For Airbus, the Dubai Air Show 2017 was an occasion to celebrate as it packaged a gift for sales chief John Leahy days before his retirement
Armed with their cheque books, Aviation’s faithful came to Dubai Air Show 2017 for the 15th aero exhibition and recorded deals worth $113.8 billion.According to data compiled by financial consultants Mubasher, the event which is held once every two years in Dubai, had logged an all-time record high of $206.1 billion in its 13th edition held in 2013, whereas the second record high at $155.5 billion was achieved in 2007.The event in 2017 marked a 175 per cent surge in the value of deals signed compared to the previous edition held in 2015, which saw only $39.8 billion in agreements.
The first two days belonged to Boeing and it looked all but over for Airbus. Even their chalet was relatively silent and gloomy as the American manufacturer reeled in the orders. Emirates, as host carrier, set the pace by ticking the box for 40 Boeing 787-10 Dreamliners and this investment worth $15.1 billion, will replace the fleet of Boeing 777 as Emirates increases its frequency on the under ten-hour routes. Any misgivings over the ability of the Dreamliner to perform at peak levels in the heat of the desert, were set aside and the Airbus A350 which still has residual affection and a better range and cost-per-passenger aggregate, fell by the wayside. As Airbus saw no more than the shadow of a smile on the opening day, there came the double whammy with flydubai, now a registered adjunct of Emirates, picking up a $27 billion deal to purchase 225 Boeing 737 MAX aircraft, with options to buy an additional 50.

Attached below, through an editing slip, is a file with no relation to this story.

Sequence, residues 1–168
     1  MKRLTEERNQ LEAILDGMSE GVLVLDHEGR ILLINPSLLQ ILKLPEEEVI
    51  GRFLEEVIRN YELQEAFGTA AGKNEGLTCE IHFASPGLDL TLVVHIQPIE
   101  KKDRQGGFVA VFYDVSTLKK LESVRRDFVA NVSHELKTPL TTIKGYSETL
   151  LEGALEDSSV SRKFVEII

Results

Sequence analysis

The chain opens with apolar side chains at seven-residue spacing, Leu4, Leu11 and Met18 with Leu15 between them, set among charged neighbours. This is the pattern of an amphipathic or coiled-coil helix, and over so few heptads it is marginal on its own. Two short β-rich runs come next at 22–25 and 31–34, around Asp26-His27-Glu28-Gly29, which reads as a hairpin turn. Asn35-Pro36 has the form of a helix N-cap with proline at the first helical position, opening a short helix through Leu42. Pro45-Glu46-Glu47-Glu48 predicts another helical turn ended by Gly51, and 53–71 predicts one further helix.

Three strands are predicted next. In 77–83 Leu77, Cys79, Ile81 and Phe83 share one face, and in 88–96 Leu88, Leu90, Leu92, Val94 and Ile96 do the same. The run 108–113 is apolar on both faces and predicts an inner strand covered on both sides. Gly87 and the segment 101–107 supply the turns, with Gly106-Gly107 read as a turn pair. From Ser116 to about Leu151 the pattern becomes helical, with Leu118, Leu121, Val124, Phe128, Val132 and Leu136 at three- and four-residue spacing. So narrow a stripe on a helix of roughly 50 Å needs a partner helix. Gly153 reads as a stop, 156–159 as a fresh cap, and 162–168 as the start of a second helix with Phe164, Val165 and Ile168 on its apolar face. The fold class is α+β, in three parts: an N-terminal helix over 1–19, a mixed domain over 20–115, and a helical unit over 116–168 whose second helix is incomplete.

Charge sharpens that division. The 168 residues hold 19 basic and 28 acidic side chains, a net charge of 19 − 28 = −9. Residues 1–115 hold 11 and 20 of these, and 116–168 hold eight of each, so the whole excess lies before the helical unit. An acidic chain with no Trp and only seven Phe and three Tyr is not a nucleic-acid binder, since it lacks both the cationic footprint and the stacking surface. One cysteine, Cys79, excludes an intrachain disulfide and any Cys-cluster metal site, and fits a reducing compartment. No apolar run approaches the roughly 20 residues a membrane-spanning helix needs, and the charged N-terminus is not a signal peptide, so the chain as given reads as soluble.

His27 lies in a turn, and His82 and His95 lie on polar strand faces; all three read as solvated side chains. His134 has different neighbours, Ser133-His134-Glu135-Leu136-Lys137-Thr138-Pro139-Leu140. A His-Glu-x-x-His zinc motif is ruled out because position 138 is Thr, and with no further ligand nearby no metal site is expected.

BOEING SAID IT SECURED TOTAL COMMITMENTS FOR 302 AIRCRAFT INCLUDING 50 OPTIONS WITH A VALUE OF ABOUT $50.7 BILLION AT LIST PRICES
Airbus could by then, have packed its bags and skulked off, but wait, there was a major trick left in the bag and souring the bubbly at Boeing was on the cards. Hours later, even as media and the aviation industry was empathising over the mauling Airbus was getting, came the mega announcement. It was the biggest deal in history and Indigo US was making it. Airbus gently and yet with a dash of soigné announced the securing of an order valued at nearly $50 billion for 430 planes from its single-aisle Airbus A320neo line. Suddenly the dimmed lights at Airbus went bright and life was good again.
While the agreement added to the lure of Dubai as a leading venue for the bi-annual gathering and gave it a full chapter in modern aviation history, it also allowed Airbus to pump up a bottom line hurt badly by the loss of love for the Airbus A380. Actually it really is not a loss of love as much as it is a pragmatism reflected by Airbus having to guarantee Emirates ten-year production of the behemoth if there was any chance of getting Emirates to buy more aircraft.
For the moment, despite the excitement, it was an in-house celebration for Airbus as it packaged a gift for sales chief John Leahy days before he flies into retirement. The pair of giants had shared the spoils again. One calls them a pair advisedly because they work it out so they end up with equal shares of the market. Of course what all this means is that the show is a success. The main stars have their lines right and everyone who is anyone, is engaged in an orgy of backslapping one another on a job well done.